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No hunting trip is a waste
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Have you ever wished that the week was about 10 days longer? I sure know that when deer season is in full swing, I wish that everyday was a Saturday. But, like most hunters who put the food on the table, I work during the week and hit the packed woods early Saturday morning.
When the boss told me on a weekday to take off after lunch, there was one place I knew I’d be — deep in deer country. At 3 p.m., I stepped out of the truck, sprayed down, grabbed my hog call, .270 win and the best walking boots I had.
I think all hunters have places they’ve seen on the map that they’d like to check out,  but finding time to hunt there is harder than finding game to shoot. So, I walked about a mile down the dirt road and saw a cut into the woods that looked like it might have been a road about 10 years ago. That’s where it all began. I ended up walking onto a game trail and, from the looks of it, a doe must have been there sometime that day. I was out there for boar but, like any other hunter, I was going to take what I could get — deer or boar. I followed the trail until it led me to a clearing that looked as if a bulldozer had been run through it.
It made me nervous enough to check my location with my GPS and map to make sure I hadn’t stumbled onto public land. After I checked myself, I continued on my way looking for a landing at the corner of the Ogeechee River. As I was walking through that clearing, I couldn’t help but notice the deer traffic in that area. I have seen game trails before, but I have never seen a “highway” — and that’s exactly what I was walking on.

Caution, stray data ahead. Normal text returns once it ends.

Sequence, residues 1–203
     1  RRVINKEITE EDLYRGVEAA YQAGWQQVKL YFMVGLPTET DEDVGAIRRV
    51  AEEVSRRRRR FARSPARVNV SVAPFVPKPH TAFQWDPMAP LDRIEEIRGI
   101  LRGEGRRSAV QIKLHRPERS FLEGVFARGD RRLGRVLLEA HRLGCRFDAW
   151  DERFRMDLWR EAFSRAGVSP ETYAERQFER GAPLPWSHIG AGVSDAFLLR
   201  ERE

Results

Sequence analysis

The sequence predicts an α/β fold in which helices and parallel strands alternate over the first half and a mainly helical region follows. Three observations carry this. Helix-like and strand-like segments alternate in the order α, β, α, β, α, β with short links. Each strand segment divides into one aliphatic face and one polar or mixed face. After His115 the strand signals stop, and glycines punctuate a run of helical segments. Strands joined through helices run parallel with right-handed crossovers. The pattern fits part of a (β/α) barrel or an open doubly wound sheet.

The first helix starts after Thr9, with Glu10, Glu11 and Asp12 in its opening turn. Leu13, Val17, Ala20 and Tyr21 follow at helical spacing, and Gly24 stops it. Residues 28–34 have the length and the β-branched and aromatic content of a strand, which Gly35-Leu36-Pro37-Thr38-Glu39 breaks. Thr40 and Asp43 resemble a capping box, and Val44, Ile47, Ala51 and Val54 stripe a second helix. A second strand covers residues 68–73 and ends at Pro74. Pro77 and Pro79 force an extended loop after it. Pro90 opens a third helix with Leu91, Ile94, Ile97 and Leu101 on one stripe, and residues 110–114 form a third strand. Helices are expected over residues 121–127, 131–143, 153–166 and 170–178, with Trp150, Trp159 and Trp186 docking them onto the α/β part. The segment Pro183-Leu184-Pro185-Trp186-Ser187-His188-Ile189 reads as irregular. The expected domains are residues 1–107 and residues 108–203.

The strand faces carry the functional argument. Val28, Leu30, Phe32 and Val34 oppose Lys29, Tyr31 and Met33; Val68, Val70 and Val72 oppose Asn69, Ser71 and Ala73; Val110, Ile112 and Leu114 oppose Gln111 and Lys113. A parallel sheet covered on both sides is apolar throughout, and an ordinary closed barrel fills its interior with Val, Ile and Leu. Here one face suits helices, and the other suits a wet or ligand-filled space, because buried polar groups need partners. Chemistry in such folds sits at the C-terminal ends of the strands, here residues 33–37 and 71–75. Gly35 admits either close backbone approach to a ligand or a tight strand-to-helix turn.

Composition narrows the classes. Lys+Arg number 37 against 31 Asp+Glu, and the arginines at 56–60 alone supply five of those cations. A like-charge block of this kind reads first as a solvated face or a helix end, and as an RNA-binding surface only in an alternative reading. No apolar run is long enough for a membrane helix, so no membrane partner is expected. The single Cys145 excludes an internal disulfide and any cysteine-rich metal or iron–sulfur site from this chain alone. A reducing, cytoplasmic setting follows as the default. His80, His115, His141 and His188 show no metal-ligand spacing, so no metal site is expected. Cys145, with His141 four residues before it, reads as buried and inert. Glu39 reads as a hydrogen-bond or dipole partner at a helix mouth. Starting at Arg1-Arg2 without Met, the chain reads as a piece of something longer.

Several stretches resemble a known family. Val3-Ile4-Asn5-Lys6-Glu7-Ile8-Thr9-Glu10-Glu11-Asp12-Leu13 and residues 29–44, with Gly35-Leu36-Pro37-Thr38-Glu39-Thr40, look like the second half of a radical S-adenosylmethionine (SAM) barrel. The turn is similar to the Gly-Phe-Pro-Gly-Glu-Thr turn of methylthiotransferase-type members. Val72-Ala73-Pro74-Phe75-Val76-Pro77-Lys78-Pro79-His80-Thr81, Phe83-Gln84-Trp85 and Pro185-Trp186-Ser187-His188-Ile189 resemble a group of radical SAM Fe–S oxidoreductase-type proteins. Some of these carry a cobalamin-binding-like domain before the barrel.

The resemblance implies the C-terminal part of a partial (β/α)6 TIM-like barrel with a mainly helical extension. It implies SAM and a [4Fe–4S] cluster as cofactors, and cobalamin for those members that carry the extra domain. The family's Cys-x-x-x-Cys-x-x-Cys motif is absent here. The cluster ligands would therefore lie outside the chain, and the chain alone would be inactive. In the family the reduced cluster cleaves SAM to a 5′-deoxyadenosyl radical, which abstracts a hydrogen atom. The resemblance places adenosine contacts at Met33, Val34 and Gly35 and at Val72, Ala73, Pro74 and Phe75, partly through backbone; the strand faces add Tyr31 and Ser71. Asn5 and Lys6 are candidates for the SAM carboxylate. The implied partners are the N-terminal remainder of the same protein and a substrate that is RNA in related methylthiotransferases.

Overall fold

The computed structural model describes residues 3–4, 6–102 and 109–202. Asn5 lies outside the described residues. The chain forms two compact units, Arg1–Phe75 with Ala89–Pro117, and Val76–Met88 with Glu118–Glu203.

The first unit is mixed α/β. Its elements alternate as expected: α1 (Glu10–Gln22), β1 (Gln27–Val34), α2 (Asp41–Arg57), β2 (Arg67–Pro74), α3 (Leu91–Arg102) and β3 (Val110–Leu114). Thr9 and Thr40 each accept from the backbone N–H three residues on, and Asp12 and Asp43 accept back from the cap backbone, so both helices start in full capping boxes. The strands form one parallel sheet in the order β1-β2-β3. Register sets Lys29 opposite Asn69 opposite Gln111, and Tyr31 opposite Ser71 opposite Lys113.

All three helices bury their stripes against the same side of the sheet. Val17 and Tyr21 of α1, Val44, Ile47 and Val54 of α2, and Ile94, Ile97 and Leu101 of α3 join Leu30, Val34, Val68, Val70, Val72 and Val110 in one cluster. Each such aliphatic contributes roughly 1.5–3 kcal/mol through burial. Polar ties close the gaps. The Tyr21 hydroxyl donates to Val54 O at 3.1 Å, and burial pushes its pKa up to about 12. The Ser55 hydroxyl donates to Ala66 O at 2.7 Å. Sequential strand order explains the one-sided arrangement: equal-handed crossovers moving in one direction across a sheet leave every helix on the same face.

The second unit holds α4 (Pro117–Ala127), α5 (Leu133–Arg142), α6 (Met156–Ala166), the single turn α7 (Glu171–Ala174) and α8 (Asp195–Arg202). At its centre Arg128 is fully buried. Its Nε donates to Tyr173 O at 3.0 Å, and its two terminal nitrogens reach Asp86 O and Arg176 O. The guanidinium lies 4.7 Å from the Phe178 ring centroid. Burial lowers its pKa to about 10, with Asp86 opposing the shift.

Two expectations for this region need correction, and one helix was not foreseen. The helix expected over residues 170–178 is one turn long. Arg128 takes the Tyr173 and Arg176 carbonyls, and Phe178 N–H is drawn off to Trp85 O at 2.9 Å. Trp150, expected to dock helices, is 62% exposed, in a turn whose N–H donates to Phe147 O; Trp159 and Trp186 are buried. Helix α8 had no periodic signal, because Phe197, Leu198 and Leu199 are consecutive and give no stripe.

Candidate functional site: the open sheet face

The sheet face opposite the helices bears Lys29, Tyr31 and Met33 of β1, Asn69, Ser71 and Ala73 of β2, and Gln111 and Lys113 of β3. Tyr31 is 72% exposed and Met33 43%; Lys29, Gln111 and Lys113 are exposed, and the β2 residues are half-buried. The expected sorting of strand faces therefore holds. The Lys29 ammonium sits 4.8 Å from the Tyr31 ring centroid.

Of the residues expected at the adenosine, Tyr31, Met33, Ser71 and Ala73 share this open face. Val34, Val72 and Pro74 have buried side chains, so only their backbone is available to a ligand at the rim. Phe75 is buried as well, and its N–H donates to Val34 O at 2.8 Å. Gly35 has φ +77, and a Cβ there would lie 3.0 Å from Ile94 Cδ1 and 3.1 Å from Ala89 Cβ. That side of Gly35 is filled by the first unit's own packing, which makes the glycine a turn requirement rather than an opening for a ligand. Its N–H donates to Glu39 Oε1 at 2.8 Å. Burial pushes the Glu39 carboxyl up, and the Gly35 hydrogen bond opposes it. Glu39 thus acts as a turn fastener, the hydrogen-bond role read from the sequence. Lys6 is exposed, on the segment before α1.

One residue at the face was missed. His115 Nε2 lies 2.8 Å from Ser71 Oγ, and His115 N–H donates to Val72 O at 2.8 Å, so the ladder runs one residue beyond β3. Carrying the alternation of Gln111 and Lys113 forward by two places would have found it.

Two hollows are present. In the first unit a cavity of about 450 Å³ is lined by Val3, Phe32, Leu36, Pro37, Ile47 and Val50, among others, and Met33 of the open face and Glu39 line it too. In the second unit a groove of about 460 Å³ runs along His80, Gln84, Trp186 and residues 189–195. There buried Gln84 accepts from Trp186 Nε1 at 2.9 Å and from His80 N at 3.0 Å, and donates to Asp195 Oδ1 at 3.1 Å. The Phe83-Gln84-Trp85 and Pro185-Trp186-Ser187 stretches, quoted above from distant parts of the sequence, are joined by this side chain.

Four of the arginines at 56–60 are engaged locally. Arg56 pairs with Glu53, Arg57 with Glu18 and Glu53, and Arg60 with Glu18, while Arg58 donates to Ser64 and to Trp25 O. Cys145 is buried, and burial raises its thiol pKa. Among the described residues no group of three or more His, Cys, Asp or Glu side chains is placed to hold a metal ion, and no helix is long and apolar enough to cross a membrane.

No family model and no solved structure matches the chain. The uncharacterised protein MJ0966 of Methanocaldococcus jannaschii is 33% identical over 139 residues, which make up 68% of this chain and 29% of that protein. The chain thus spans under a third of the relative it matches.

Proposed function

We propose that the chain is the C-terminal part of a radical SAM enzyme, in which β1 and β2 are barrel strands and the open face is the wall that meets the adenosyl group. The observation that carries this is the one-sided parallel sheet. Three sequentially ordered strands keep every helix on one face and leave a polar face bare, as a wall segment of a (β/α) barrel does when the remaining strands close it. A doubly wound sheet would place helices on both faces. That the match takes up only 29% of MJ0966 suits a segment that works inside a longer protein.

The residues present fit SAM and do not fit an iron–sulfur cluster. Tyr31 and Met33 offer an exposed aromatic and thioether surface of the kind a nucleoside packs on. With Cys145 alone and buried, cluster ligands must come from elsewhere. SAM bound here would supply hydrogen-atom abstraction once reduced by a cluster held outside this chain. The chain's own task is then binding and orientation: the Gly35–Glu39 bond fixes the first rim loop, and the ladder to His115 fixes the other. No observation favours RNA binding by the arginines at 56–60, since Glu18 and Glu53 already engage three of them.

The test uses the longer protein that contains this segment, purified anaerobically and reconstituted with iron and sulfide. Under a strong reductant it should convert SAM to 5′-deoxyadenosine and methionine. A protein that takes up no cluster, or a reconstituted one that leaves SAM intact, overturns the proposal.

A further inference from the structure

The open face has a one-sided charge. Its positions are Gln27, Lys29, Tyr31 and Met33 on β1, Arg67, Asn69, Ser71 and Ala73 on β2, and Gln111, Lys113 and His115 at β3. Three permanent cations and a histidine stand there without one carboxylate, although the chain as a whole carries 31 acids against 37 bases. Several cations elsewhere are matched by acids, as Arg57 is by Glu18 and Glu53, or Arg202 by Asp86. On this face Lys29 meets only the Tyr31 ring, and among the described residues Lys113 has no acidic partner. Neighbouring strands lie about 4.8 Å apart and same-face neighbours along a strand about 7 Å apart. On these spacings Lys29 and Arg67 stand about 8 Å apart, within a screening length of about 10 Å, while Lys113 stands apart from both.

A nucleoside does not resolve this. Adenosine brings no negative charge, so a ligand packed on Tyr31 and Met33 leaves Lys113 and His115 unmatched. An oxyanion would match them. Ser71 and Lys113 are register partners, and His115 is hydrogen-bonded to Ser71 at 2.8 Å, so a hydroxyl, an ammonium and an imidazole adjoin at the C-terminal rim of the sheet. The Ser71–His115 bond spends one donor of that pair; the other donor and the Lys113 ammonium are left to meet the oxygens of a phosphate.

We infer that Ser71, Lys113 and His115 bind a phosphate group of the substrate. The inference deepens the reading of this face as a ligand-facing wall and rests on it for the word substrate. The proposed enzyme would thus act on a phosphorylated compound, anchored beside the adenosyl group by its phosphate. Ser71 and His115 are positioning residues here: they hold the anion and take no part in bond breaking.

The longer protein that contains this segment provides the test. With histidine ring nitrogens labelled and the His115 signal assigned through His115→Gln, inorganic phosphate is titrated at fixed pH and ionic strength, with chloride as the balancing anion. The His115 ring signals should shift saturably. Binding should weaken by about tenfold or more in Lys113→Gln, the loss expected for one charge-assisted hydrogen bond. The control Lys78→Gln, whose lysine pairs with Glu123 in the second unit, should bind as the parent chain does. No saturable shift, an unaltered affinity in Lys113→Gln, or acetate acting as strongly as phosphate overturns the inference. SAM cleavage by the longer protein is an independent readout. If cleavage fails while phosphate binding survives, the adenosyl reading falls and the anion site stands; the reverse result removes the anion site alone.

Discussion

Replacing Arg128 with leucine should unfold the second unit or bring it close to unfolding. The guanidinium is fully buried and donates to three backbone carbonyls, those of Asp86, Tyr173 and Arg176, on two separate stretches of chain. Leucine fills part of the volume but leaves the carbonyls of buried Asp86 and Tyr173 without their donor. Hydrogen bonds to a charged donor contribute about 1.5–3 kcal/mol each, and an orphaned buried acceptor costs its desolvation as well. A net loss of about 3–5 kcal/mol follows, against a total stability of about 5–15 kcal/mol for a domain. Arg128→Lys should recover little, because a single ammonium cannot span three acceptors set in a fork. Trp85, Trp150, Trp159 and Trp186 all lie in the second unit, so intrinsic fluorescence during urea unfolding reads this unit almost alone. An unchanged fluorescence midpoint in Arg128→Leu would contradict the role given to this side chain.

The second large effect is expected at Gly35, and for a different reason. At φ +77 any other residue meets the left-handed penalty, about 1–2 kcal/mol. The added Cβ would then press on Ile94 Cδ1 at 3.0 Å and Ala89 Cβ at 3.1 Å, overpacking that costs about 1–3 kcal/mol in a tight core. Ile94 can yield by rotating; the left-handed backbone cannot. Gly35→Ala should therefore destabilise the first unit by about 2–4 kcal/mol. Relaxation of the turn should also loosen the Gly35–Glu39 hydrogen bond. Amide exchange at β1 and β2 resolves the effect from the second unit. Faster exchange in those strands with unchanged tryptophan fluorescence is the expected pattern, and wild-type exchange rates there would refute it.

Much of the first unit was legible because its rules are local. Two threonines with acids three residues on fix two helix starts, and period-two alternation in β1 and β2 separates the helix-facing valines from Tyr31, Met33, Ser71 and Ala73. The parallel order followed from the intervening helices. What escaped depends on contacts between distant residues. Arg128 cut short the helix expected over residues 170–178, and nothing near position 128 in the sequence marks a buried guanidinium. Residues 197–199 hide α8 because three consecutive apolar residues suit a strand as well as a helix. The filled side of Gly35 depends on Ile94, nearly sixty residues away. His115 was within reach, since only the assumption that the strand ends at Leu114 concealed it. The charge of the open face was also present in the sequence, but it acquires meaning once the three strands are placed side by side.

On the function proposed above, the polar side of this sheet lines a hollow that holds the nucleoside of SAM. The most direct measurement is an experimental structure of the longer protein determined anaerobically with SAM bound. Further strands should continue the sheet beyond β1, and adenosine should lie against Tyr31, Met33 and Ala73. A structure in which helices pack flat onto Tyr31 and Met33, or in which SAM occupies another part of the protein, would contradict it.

I ended up at the south end of the clearing and as I entered the woods again, my heart nearly exploded. There wasn’t one square foot of ground that was not torn up. It looked like 30 boars had dragged their heads around for four days straight.
I wondered two things: Where should I put a stand and when will these jokers be back? Since I was on the hunt for boar, I called a few times on my wild hog call by Hunters Specialties and prayed one would come running out of the brush. Much like my other hunts, I wasn’t that lucky, so I came up with a game plan to explore the area and call every five to 10 minutes.
It was 4:30 p.m., the hottest part of the day, and if I was a betting man, this is the first place I’d figure the animals would be. Unfortunately, there wasn’t a boar in sight.
I constructed a makeshift blind and set the camera up just incase one walked in on me so I could get the kill on film. It’s funny — I think deep down in every hunter wants to get that monster buck or boar on film.
I waited patiently for something to wander into my line of sight. Time passed and it started to get dark on me. Before I knew it, I was leaving the woods again — no animal, no film of the kill and a body full of bug bites.
I think about all the time I spend out in the woods with no shots and no signs of life, and I know when I do take that trophy down, it’ll be worth even second.
On the bright side, I did get to check out a new area on my boring Thursday and I had some good stories about the way those boars had torn that land up. And, once again, I know where I will be this weekend. Happy hunting and I’ll see you in the woods.
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